The North Harris Trust has begun to cut down giant rhubarb from the island with the help of volunteers.
Harris is better known for its stunning beaches and rugged mountains, but on the outskirts of Tarbert pockets of rhubarb jungle are quickly spreading.
Robin Reid, the North Harris Trust’s Ranger, who is co-ordinating the project said: “This is an incredibly invasive species. It takes over ground completely by outcompeting native plants. Alongside climate change and habitat loss, non-native species like Gunnera are one of the biggest threats to biodiversity.
“I think we are at a tipping point. If we don’t do something now it will quickly become impossible to clear."
Giant rhubarb (Gunnera Tinctora) is an invasive non-native plant more commonly found in the dense forests of Southern Chile. It was introduced to the island as an ornamental plant to the island less than 25 years ago, but the wet, peaty soil of Harris has proved to be ideal conditions for it and the plant has quickly spread.
Reaching up to two metres tall and with thick leaves Gunnera quickly crowds out native vegetation, and has the potential to take over entire crofts.
As a trial, a dozen volunteers from the John Muir Trust armed with azadas, machetes and midge nets took on some of the island’s troublespots. After hacking down thethick leaves and stems of the plant, huge seed pods - each containing many thousands of seeds - were carefully removed and sent to North Uist to be turned into compost.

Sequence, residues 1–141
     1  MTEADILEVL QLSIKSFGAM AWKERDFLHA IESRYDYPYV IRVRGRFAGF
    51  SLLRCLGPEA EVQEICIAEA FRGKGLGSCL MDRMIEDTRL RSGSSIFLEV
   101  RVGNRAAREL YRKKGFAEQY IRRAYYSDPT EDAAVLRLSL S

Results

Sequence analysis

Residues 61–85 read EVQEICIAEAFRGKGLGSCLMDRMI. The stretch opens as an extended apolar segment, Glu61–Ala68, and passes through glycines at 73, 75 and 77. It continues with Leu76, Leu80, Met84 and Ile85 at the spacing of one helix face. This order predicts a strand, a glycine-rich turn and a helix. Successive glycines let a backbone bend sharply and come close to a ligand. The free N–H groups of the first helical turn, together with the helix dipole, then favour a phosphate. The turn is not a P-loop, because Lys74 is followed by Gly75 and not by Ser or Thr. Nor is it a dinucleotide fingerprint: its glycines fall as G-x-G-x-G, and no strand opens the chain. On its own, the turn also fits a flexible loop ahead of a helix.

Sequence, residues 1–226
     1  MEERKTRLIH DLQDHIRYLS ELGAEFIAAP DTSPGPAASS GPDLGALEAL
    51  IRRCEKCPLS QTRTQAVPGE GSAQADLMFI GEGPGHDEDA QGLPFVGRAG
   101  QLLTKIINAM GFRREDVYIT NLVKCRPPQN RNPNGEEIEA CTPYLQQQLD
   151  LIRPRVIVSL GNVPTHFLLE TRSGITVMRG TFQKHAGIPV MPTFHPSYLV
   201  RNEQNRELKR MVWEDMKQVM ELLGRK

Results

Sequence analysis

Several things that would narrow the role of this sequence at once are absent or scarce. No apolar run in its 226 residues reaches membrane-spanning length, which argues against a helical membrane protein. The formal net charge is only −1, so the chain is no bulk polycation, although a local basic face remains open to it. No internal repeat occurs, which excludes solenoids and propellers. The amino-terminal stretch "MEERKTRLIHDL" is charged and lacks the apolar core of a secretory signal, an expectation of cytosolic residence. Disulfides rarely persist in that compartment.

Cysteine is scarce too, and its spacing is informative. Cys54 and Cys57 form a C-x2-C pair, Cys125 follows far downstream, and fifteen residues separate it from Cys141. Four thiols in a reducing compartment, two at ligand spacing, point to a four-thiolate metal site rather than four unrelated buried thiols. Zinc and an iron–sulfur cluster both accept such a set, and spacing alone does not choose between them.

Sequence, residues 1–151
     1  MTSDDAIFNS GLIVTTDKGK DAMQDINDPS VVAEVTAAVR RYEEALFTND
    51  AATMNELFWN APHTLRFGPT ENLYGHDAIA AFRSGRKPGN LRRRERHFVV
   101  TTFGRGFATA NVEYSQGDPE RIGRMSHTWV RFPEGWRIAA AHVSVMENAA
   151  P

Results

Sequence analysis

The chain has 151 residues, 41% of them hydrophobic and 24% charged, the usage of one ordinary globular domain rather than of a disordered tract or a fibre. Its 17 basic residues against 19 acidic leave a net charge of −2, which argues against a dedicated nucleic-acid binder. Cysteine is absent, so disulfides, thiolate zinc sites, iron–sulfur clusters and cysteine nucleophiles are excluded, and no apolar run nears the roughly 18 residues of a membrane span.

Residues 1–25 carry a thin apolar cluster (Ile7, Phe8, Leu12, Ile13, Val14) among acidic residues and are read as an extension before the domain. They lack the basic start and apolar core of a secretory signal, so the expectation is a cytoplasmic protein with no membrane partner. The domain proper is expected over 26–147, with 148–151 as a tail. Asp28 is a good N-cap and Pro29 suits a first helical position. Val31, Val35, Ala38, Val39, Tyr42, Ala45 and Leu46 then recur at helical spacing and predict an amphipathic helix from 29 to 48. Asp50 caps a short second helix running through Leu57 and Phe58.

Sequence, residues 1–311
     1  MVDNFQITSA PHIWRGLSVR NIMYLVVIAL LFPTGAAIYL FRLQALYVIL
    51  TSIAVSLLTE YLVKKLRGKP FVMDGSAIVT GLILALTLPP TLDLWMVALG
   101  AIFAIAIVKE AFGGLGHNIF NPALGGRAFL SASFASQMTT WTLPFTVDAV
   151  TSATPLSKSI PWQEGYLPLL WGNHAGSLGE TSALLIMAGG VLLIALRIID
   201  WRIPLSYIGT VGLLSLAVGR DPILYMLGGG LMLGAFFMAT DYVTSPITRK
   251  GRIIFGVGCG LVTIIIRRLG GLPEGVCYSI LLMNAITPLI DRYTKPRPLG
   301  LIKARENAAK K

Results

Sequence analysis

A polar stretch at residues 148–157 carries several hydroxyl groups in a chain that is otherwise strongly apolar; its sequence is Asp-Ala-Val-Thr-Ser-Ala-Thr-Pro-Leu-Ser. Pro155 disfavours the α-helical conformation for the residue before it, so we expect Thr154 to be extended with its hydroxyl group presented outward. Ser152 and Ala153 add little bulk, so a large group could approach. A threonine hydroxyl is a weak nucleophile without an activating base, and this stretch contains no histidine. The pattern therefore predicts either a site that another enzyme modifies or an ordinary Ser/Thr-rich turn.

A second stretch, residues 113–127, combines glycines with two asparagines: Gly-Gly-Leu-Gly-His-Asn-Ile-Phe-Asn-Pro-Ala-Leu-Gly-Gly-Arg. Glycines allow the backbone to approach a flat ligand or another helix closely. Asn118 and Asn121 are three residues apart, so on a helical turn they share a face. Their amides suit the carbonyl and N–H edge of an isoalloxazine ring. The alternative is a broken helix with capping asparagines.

The exposed stems were then treated with chemical to kill the plant. The volunteers collected a skip full of pods, representing more than 100 million seeds, which were turned into compost.
The project to eradicate Gunnera from Harris will take a number of years but this initial work is a big step towards finding out the best way to eradicate the rest of the plants on the island and eventually nip this invasive pest in the bud.
Mick Blunt, the John Muir Trust’s Area Manager for the Western Isles said: “This is one of the UK’s most important areas of wild land and like many other areas in the Western Isles it is vulnerable to the impacts of invasive non-native plants and animals.
“Gunnera eradication is a very important project for the island, and we are proud to support the North Harris Trust’s efforts to tackle this problem. The work our volunteers have done is only the first step, but I’m sure we will be coming back every year until the job is done.”